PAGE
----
The Sony XEL-1 OLED TV is a beautiful display. Its contrast ratio makes pictures pop, it's thinner than a credit card, but with an 11-inch screen, it's too small, and at $2,500, too expensive.
But it's been a year since it was introduced in January 2008, and as of today, it still has no competitors. Where are they?
Though we've been long promised that the era of OLED (organic light-emitting diode) TVs is just around the corner, it appears we're going to have to wait even longer. The major players in electronics who have the resources to build OLED TVs have been whacked by the global financial meltdown along with the rest of us. In other words, the timing to jump-start a brand new TV technology is terrible.
"The cost to manufacture them remains high and will remain high until someone's willing to take the risk to develop their own manufacturing capacity on a large scale," explained Paul Gagnon, TV market analyst for DisplaySearch. "Risky investments are not something most of these companies are looking at right now."
Samsung, Sony, LG Electronics, Toshiba, and Panasonic have at various points promised to make OLED TVs. Only one of them, Sony, has done so. But even Sony's is hardly what most people would call a viable option. It's not the standard size of a TV, and isn't exactly priced for a recession. The other firms have only prototypes to show.
There was some hope that Samsung and Sony would be able to release larger OLED TVs this year. But if they were, they'd have brought them to CES in January in order to stir up excitement for them. That didn't happen. Instead, Sony brought the same 11-inch XEL-1 product that's been available for a year, as well as a 21-inch prototype. Samsung brought out a 40-inch prototype.
It's not that OLED is completely impossible to produce. There are a variety of gadgets sporting OLED screens made by these companies, but they're really small: cell phones, GPS devices, and now portable media players.
Small is easy. Making OLED displays big enough for the most attractive applications like laptop screens and televisions is the hard part. There are only a few TV manufacturers with the resources to invest in and build enormous panel factories, among them Samsung, Sony, Sharp, LG, and Panasonic. Panasonic said in September it would hold off on OLED--which basically means it's going to ride the success of its dominance in plasma displays for the time being. Toshiba, which showed a large OLED TV prototype in early 2007, said just a few months later that it would wait to see how popular the sets would be before jumping in head first. (Also, instead of doing it individually, there are a few smaller other makers getting together to push OLED into faster mass production.)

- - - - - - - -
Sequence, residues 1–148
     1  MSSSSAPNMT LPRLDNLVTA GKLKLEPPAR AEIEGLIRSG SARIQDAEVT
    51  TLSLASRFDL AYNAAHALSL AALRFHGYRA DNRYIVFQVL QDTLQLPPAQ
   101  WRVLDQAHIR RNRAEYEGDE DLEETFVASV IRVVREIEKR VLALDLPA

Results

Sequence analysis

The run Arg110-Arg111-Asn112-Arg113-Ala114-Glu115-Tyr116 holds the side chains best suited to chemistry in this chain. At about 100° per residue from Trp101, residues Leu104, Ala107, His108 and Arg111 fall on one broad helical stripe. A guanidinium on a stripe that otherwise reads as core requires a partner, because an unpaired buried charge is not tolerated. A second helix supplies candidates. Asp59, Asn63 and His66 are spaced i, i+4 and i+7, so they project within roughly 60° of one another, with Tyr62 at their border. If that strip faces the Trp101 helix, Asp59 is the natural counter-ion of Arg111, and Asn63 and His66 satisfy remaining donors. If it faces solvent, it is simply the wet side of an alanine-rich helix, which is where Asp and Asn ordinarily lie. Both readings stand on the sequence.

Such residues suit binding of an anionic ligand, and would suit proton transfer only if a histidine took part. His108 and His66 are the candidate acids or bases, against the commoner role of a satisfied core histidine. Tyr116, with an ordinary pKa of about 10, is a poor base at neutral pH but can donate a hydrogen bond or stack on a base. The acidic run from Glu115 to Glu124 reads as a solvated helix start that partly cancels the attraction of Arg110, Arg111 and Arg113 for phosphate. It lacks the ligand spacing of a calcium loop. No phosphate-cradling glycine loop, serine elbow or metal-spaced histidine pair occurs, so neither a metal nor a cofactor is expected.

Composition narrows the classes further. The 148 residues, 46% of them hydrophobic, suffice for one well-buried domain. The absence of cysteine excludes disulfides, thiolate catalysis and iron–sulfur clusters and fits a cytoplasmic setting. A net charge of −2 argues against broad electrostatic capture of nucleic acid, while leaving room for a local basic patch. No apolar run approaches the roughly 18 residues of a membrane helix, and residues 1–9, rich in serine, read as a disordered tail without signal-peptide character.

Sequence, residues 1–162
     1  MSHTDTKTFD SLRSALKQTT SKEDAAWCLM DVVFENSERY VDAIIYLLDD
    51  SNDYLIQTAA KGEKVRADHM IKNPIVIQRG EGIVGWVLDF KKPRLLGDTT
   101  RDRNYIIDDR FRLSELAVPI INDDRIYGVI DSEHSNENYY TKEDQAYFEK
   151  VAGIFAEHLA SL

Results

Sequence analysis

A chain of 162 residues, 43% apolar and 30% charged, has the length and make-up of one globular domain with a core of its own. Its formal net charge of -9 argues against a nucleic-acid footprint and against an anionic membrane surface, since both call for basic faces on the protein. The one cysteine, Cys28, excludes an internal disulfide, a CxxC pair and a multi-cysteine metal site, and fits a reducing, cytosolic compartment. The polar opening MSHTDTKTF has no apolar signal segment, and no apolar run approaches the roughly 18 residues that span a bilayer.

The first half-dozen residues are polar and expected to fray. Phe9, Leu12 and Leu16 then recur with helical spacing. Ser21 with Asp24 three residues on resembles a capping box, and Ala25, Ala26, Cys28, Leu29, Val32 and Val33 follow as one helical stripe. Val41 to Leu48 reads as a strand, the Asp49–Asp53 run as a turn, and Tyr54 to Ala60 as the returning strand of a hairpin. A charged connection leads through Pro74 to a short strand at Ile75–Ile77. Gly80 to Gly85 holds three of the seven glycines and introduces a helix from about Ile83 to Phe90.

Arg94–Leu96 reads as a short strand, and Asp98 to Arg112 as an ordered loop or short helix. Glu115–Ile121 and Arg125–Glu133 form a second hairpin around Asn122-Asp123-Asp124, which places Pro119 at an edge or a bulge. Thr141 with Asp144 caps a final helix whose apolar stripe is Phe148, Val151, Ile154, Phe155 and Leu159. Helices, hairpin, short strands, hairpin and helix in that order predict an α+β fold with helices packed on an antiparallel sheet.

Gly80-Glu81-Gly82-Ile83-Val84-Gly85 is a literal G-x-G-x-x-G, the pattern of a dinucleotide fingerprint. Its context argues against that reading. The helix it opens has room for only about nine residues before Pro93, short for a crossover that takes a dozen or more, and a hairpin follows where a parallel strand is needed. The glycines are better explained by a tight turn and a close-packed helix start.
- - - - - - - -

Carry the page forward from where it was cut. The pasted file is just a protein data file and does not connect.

The barrier to moving from a whiz-bang prototype to a product that can be produced in reasonable volumes at prices that even the most discerning gadget enthusiasts won't balk at mostly involves money. A lot of it.
Right now, OLEDs cost twice as much to produce as LCDs. That's because the volumes in which they are produced are so much lower. "While LCDs are produced in the tens of millions or hundreds of millions, whereas OLEDs are produced (in volumes of) a million a month," said Barry Young, director of the OLED Association, whose group promotes the OLED industry and counts most major manufacturers and patent owners behind the technology as members. Until OLED production can be achieved in much larger volume, the cost to produce them will remain exorbitantly high.
For its part, Sony says it has poured 22 billion yen ($243 million) into ramping up its OLED TV factories, which the company says will be up and going by March 2010.
The promise of OLED though is similar to the argument for weatherizing homes now: it may cost a lot initially, but that the savings on electricity bills over time will be worth it. OLED is expensive now, but there are fewer pieces that go into constructing one than an LCD.
"When you get to point of equilibrium, when OLEDs reach 10 million displays produced a month...they should be cheaper to build because they have fewer components. Ten to 20 percent less expensive eventually," Young says.
There are still some questions on the technology's lifespan, however, which is another challenge that will need to be addressed.
Meanwhile, LCD TVs are still at the height of their popularity. Samsung is the world's largest producer of LCDs, and as of the end of 2008, more than 10 million LCD televisions were shipped each quarter to North America alone, and there are plenty of countries around the world that have yet to embrace LCD technology.
But with many of these potential OLED TV makers reporting huge losses (Samsung suffered its worst quarter ever, losing more than $680 million last fall. Sony will cut 5.5 percent of its workforce in order to save $1 billion in the next year, and Panasonic will lay off 15,000 after its first quarterly loss) it's likely a difficult decision to make a bold move to an unproven technology like OLED TV.
LG could be the exception. At CES, President and CEO of LG Electronics North America Michael Ahn said his company would not cut back on money spent on innovation. LG Electronics had said it would introduce a 15-inch OLED TV in June 2009, but that could be pushed back since we didn't see anything at CES. So when will we see a variety of OLED TVs on the shelves of our favorite electronics retailer? Later this year, a 14.1-inch OLED display is scheduled to be introduced for use in notebook PC. The display will come off of Samsung's production lines, though it will be snapped into a PC made by a "major notebook vendor," according to Young. It could also be used as a TV, but when and by whom is unknown. Despite Sony's teaser product, OLED TVs at this point are at least three to five years from being a reality for the average consumer.